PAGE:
• Influence of Grassland Gap on Seedling Establishment of Leymus chinensis (Trin.) Tzvel

      Liu, G. X.; Han, J. G. (Society for Range Management, 2007-11-01)
      A field study was conducted to investigate the effects of existing adult neighbors and gap size on the process of seedling establishment in Leymus chinensis. Seeds of L. chinensis were added to artificially created gaps in a degraded steppe in North China. Neighbor root exclusion was accomplished using polyvinyl chloride tubes sunk in the soil of gaps. Seedling emergence and survivorship was greater in gaps than in control areas, but growth performance was higher only in larger gaps (20 cm and 40 cm in diameter) with neighboring roots present and in all gaps without neighboring roots present. Seedlings produced no tillers in the control and few tillers in 10-cm- and 20-cm-diameter gaps. Seedlings had more tillers in the largest gaps (40 cm) without root exclusion and in all sizes of gaps with root exclusion. Differences between gaps in light levels can explain the patterns of emergence. However, root exclusion was the major factor that increased seedling growth performance. These results confirm that L. chinensis is a gap-enhanced species and suggest that restoration of degraded grassland needs to ensure that large light gaps and low belowground competition are regularly maintained to maximize successful seedling recruitment. 
    • The Effects of Forest Residual Debris Disposal on Perennial Grass Emergence, Growth, and Survival in a Ponderosa Pine Ecotone

      Law, Darin J.; Kolb, Peter F. (Society for Range Management, 2007-11-01)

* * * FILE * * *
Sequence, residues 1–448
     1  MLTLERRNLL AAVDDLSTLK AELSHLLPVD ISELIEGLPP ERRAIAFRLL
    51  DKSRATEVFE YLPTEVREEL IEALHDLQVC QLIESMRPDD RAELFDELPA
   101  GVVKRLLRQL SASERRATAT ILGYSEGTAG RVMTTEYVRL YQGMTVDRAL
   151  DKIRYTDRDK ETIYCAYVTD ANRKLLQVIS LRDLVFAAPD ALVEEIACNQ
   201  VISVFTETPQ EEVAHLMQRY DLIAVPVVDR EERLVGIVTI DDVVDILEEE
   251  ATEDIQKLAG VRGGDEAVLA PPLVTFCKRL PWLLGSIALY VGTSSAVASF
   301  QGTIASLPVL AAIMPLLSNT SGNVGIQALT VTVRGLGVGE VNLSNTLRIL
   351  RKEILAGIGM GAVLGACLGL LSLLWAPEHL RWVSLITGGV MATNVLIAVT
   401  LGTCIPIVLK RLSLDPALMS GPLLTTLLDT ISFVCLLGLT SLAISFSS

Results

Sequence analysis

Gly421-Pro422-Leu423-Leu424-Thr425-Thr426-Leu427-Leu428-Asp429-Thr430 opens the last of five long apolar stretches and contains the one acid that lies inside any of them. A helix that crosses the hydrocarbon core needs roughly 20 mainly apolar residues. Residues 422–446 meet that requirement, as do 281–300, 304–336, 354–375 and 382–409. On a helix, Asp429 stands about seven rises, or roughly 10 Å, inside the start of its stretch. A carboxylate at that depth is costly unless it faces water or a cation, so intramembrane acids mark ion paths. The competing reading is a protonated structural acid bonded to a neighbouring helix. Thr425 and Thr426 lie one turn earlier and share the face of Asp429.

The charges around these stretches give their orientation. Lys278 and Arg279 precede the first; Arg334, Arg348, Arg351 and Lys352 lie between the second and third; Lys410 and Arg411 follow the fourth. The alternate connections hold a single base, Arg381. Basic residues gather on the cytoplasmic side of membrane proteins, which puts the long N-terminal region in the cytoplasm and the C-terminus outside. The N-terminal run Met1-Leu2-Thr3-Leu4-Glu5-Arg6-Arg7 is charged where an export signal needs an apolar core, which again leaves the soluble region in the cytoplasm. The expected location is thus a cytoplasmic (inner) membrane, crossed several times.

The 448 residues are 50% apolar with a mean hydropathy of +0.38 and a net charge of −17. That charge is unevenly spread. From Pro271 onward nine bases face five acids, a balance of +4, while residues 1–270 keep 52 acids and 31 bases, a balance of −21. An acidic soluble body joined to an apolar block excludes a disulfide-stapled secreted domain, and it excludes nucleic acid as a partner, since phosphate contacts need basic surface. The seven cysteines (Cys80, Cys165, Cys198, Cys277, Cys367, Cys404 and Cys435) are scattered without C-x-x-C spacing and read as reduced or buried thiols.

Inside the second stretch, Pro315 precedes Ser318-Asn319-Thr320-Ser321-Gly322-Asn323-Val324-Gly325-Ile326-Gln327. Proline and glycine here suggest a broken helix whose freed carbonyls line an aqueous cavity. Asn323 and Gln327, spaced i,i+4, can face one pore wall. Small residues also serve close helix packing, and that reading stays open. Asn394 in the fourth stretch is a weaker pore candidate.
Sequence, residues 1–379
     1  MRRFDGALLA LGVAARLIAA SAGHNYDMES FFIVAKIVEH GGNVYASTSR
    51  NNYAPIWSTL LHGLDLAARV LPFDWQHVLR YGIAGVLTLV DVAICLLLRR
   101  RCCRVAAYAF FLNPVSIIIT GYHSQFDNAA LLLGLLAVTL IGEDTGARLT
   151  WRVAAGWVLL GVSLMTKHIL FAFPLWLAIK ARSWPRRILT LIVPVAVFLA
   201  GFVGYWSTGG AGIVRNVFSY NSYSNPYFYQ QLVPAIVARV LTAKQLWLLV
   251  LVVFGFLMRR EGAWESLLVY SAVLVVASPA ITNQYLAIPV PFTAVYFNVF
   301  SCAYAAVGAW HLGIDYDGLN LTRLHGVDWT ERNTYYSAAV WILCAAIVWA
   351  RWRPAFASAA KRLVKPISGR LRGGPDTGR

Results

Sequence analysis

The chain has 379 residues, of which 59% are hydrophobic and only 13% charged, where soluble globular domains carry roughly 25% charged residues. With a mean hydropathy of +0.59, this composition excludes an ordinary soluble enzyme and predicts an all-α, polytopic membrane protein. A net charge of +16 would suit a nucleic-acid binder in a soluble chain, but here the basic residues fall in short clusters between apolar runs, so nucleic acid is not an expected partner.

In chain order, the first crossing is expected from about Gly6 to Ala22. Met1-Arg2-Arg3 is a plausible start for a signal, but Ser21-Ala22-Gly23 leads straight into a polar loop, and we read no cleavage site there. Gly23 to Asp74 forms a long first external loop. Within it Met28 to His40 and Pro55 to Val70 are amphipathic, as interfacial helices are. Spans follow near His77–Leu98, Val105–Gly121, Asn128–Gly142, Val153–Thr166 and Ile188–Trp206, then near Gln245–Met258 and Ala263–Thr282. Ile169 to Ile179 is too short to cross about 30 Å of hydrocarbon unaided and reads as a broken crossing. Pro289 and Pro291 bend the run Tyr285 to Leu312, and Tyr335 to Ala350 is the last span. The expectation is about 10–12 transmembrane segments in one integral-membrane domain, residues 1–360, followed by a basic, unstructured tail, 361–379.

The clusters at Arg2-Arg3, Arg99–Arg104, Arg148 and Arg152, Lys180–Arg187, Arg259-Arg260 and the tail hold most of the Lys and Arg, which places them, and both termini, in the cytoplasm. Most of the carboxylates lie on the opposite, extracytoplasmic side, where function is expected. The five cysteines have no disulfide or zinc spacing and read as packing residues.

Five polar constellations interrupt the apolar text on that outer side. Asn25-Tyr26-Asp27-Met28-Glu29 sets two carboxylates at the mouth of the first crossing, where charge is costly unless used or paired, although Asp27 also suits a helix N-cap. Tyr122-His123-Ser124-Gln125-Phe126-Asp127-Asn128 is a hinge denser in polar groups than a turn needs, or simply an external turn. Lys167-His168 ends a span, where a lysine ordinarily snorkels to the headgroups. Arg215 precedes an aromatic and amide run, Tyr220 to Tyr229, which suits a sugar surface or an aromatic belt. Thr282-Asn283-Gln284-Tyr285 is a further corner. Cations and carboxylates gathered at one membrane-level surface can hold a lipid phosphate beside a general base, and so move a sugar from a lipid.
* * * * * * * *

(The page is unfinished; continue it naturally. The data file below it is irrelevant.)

Soil surface conditions can have profound effects on plant seedling emergence and subsequent seedling survival. To test the hypothesis that different soil-surface treatments with logging residue affect range grass seedling emergence and survival, 6 alternative forest-residual treatments were established in the summer of 1998 following thinning of mature trees from approximately 500 to 133 trees ha-1. The treatments included 1) whole logging debris, hand-piled; 2) whole logging-debris piles that were burned; 3) whole logging-debris piles that were chipped; 4) whole logging-debris piles that were chipped and burned; 5) scattered debris followed by a broadcast burn; and 6) zero debris, not burned. The influences of the debris treatments on grass seedling emergence and survival were tested by seeding with native and exotic perennial grass species. Three plots per treatment were seeded with a mix of 4 native grass species, and another 3 plots per treatment were seeded with a mix of 4 exotic grass species. Two plots per treatment were left unseeded. Subsequent grass emergence, growth, and establishment were measured as seedling emergence, cover, density, height, and biomass for 3 growing seasons. Grass cover, density height, and biomass increased on the burn treatments during the study. Less-significant results were obtained for the nonburned woody- debris treatments. In addition, important abiotic factors, such as soil moisture and soil surface temperature, were not adversely affected by the woody debris disposal practices tested in this study. Results indicate that scattered woody debris that is broadcast burned is the best mechanism for disposing of woody debris, increasing grass emergence and survival, and preventing ponderosa pine recruitment and exotic invasion.